View details for DOI 10.1101/gad.246579.114
View details for PubMedID 25228645
ZNF750 Is a p63 Target Gene that Induces KLF4 to Drive Terminal Epidermal Differentiation
2012; 22 (3): 669-677
Disrupted epidermal differentiation characterizes numerous diseases that impact >25% of the population. In a search for dominant mediators of differentiation, we defined a requirement for ZNF750 in terminal epidermal differentiation. ZNF750 controlled genes mutated in numerous human skin diseases, including FLG, LOR, LCE3B, ALOXE3, and SPINK5. ZNF750 induced progenitor differentiation via an evolutionarily conserved C2H2 zinc finger motif. The epidermal master regulator, p63, bound the ZNF750 promoter and was necessary for its induction. ZNF750 restored differentiation to p63-deficient tissue, suggesting that it acts downstream of p63. A search for functionally important ZNF750 targets via analysis of ZNF750-regulated genes identified KLF4, a transcription factor that activates late epidermal differentiation. ZNF750 binds to KLF4 at multiple sites flanking the transcriptional start site and controls its expression. ZNF750 thus directly links a tissue-specifying factor, p63, to an effector of terminal differentiation, KLF4, and represents a potential future target for disorders of this process.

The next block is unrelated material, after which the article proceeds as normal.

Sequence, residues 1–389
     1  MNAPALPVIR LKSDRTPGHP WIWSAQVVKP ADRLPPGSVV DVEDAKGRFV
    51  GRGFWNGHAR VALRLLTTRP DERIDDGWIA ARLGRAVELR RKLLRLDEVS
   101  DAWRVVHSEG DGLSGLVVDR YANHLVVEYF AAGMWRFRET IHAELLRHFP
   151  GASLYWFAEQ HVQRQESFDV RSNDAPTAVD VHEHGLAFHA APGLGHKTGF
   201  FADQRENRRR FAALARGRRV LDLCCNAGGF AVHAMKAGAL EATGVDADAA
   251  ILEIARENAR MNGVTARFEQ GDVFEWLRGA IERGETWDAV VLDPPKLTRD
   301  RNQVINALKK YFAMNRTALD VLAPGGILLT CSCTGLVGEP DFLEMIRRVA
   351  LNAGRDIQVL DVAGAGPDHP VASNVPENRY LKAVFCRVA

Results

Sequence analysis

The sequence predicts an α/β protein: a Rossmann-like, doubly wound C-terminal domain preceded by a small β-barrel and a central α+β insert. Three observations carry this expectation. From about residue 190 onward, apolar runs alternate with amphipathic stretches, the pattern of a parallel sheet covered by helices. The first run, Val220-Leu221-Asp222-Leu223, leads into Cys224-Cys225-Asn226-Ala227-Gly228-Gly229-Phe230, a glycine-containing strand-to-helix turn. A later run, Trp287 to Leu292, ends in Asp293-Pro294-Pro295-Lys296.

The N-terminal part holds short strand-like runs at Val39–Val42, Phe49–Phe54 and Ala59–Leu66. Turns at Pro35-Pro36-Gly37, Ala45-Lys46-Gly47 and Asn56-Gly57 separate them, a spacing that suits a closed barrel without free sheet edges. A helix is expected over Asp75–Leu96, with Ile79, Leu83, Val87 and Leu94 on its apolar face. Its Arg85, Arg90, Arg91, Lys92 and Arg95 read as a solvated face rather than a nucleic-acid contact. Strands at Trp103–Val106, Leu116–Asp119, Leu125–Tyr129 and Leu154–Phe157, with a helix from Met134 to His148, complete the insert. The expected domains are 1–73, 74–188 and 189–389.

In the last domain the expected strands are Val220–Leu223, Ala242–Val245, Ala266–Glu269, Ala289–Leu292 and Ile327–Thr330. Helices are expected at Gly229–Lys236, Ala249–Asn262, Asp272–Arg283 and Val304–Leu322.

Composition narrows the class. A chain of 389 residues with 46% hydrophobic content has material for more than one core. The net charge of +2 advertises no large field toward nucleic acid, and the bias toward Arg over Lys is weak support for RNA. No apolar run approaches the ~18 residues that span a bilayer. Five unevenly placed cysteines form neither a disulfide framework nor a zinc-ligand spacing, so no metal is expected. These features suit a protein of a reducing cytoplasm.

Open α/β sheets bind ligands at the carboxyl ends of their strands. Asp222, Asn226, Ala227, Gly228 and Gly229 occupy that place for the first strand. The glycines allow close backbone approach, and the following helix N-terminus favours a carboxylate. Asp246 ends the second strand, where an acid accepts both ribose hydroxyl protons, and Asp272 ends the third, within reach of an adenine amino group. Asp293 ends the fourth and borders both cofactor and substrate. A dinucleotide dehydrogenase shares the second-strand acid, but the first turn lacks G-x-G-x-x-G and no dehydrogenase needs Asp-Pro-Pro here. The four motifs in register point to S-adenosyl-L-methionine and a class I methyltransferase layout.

View details for DOI 10.1016/j.devcel.2011.12.001
View details for Web of Science ID 000301701600020
View details for PubMedID 22364861
- Cell cycle-dependent deacetylation of telomeric histone H3 lysine K56 by human SIRT6 CELL CYCLE 2009; 8 (16): 2664-2666
SIRT6 Links Histone H3 Lysine 9 Deacetylation to NF-kappa B-Dependent Gene Expression and Organismal Life Span
2009; 136 (1): 62-74
Members of the sirtuin (SIRT) family of NAD-dependent deacetylases promote longevity in multiple organisms. Deficiency of mammalian SIRT6 leads to shortened life span and an aging-like phenotype in mice, but the underlying molecular mechanisms are unclear. Here we show that SIRT6 functions at chromatin to attenuate NF-kappaB signaling. SIRT6 interacts with the NF-kappaB RELA subunit and deacetylates histone H3 lysine 9 (H3K9) at NF-kappaB target gene promoters. In SIRT6-deficient cells, hyperacetylation of H3K9 at these target promoters is associated with increased RELA promoter occupancy and enhanced NF-kappaB-dependent modulation of gene expression, apoptosis, and cellular senescence. Computational genomics analyses revealed increased activity of NF-kappaB-driven gene expression programs in multiple Sirt6-deficient tissues in vivo. Moreover, haploinsufficiency of RelA rescues the early lethality and degenerative syndrome of Sirt6-deficient mice. We propose that SIRT6 attenuates NF-kappaB signaling via H3K9 deacetylation at chromatin, and hyperactive NF-kappaB signaling may contribute to premature and normal aging.